Just yesterday, I was at church and the son of one of my friends waved at me. He’s only 8 or 9 years old, and I’ve been saying hello to him with little more than polite ‘hellos’ in return. But today, by some tiny miracle, as I walked up, his hand was fully extended in the air and waving at me. This was so unexpected, and not in line with literally any other encounter we’ve ever had, that I looked behind me to see who he was really waving at. When realizing there was nobody behind me, I laughed with embarrassment and gave him a big high five!
Usually this scenario is reversed. We see someone waving at us, and then sheepishly realize it was actually intended for the person behind us. I’m not sure which is worse. But I have realized that many moments of studying scripture, listening to teachings, or experiencing correction from trusted friends, I tend to assume those more challenging words are not for me, it’s probably for someone else.
In the gospel of Matthew in chapter 21, Jesus shares two parables. We read in Matthew 21:45-46 “When the chief priests and the Pharisees heard Jesus’ parables, they knew He was talking about them. They looked for a way to arrest him, but they were afraid of the crowd because the people held that he was a prophet.” When they finally recognized that the hard teaching was being directed towards them, they wanted to respond with aggression.
This is often the pattern. First, there’s denial that I might be wrong. I do not often experience the sense of needing transformation quickly. When I read scripture, I’m always David, never the other soldiers who were afraid of Goliath. I am always the good Samaritan, never those who walked around the hurting man. I am always one of the disciples and never the ones who shouted “crucify Him.” But when I humble myself, and sometimes, listen again, I can recognize parts of myself that are being identified as less than holy.
There are times when I am too afraid of the giants in my life to honor the Lord publicly, too busy to tend to those in need, and too swept up by the shouts of everyone else around me to recognize what God is actually doing in that moment. When I am most honest with myself, I realize that the teachings warning the Pharisees are often the lessons this church girl needs to hear the most. When I allow the Holy Spirit to work out that passage, I have to say to myself that maybe that’s about me.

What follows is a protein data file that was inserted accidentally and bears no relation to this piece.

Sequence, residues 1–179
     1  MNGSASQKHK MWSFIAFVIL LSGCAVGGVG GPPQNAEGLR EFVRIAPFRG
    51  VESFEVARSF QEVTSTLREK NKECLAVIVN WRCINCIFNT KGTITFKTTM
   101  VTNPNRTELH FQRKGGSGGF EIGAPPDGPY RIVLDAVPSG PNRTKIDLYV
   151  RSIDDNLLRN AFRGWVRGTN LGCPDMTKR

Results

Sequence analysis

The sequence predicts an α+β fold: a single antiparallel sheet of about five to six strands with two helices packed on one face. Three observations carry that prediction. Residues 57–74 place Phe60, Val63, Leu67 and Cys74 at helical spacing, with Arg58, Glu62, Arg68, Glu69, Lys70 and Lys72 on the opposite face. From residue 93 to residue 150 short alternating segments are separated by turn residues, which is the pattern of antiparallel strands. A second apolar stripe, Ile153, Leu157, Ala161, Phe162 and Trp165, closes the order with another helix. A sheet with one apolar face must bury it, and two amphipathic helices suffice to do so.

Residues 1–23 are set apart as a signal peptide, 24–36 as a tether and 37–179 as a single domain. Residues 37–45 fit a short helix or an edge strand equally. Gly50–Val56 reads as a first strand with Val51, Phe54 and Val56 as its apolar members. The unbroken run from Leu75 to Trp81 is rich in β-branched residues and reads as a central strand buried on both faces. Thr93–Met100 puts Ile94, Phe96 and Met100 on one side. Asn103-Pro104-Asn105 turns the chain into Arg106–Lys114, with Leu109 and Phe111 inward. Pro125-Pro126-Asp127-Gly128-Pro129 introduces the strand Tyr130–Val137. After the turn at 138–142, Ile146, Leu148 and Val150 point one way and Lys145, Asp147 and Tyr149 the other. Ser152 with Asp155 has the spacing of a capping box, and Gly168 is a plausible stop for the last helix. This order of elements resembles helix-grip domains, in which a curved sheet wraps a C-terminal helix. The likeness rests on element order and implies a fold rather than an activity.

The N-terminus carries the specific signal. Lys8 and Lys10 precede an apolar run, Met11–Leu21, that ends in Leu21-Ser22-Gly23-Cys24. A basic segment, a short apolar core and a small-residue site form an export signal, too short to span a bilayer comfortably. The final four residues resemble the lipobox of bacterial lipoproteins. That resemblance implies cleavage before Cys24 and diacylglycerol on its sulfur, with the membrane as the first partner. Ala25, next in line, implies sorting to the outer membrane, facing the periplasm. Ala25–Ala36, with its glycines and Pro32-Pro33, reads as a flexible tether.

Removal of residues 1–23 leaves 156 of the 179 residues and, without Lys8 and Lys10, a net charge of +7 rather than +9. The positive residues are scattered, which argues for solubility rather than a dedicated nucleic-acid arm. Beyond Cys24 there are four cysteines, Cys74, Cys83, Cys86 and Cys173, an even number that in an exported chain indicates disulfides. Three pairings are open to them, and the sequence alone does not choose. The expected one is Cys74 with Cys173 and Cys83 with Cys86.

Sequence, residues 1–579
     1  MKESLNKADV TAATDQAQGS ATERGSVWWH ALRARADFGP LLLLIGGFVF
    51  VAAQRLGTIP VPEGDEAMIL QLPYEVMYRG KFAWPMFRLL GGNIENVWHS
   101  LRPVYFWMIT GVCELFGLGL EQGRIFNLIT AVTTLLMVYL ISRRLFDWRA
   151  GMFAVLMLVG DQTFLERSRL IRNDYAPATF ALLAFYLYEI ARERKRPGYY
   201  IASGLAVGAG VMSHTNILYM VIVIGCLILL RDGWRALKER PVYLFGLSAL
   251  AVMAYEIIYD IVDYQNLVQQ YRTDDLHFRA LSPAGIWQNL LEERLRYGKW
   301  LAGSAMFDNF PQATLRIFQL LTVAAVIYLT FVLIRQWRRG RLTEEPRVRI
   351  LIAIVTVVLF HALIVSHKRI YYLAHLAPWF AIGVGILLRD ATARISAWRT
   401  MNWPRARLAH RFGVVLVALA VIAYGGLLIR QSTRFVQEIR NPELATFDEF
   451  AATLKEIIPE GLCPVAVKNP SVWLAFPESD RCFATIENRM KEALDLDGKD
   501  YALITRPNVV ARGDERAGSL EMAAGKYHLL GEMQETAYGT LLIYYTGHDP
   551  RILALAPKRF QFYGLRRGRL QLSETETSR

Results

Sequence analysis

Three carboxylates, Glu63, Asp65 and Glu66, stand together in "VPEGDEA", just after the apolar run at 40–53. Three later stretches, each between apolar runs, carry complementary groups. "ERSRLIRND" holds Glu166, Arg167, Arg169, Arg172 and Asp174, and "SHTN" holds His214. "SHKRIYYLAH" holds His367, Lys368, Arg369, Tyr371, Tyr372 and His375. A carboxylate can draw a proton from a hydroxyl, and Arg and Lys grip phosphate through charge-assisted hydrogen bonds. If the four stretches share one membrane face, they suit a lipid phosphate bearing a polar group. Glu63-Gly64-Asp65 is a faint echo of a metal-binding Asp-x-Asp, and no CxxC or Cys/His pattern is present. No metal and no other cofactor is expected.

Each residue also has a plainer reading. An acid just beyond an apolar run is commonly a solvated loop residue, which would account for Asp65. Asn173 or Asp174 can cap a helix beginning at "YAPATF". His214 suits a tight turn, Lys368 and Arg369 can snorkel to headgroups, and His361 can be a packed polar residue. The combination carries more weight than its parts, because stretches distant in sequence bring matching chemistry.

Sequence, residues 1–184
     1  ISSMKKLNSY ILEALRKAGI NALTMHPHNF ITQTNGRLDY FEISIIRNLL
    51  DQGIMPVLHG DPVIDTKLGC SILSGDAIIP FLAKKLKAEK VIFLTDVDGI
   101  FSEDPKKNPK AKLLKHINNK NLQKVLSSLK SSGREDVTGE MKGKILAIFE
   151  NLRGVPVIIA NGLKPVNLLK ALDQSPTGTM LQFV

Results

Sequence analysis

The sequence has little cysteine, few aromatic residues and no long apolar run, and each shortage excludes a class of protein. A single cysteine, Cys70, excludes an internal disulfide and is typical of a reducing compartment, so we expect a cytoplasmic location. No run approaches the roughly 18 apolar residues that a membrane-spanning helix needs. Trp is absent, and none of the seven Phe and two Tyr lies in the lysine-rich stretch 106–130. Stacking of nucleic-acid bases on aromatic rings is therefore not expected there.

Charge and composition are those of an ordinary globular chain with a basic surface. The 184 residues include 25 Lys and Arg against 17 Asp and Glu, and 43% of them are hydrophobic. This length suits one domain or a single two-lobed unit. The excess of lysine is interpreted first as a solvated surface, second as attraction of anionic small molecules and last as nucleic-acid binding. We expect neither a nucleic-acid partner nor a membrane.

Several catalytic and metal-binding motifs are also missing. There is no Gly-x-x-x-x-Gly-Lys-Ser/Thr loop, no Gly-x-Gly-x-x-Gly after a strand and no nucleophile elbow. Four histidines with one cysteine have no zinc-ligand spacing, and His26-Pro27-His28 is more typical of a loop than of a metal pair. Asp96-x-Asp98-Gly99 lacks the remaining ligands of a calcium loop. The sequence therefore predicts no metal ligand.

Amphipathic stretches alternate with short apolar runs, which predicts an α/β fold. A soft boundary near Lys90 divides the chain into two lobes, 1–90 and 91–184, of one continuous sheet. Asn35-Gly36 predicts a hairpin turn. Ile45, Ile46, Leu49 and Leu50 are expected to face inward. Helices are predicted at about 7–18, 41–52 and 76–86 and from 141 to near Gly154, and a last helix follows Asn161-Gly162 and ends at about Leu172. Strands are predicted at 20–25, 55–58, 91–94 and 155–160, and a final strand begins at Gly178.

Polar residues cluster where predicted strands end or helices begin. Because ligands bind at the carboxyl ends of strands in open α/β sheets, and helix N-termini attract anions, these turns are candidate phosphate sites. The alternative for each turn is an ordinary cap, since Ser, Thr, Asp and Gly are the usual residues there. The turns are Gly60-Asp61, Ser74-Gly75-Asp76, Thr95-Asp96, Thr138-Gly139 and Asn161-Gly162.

The second portion of the pattern tends to be aggression. This is not always true when it’s the Holy Spirit revealing my shortcomings in the quiet of my prayer time. But, it is for sure the preferred response when I am corrected by other people! When God uses leaders, pastors and friends to personally give me a word of correction, I want to first deny and then defend. I always think, ‘I don’t struggle there’ or ‘when did I ever do that?’
I am witnessing this happening a lot lately. Many people are refusing to accept any sort of question about their behavior, their posted words, or their spoken words. There is an idea of freedom and general correctness about our opinions that, for some reason, is giving us liberties to do or say what we please and how we please, and never accept responsibility or correction for those words or actions. I am burdened by this, church family. I believe a season of humility is needed. When we can honestly look at ourselves and ask, ‘can I grow here?’; ‘is that correction for me?’
I want to let the Lord work in my heart. I know that the assumption of correctness or the presence of pride might get in the way of His guidance. Lord, help us hear the words of our brothers and sisters, the teachings in your Holy Scriptures, and see ourselves accurately. Help us to know when You are truly waving us down to change, and not assume that’s for the person behind us. Help us to never assume position, or length of time being a Christian, will keep us out of the hot seat of growth. Help us to humbly say, ‘maybe that word is about me.’ Amen!
Candace Cortez is Executive Pastor at Koinonia Church. She can be reached at email@example.com or at 559-469-7775.
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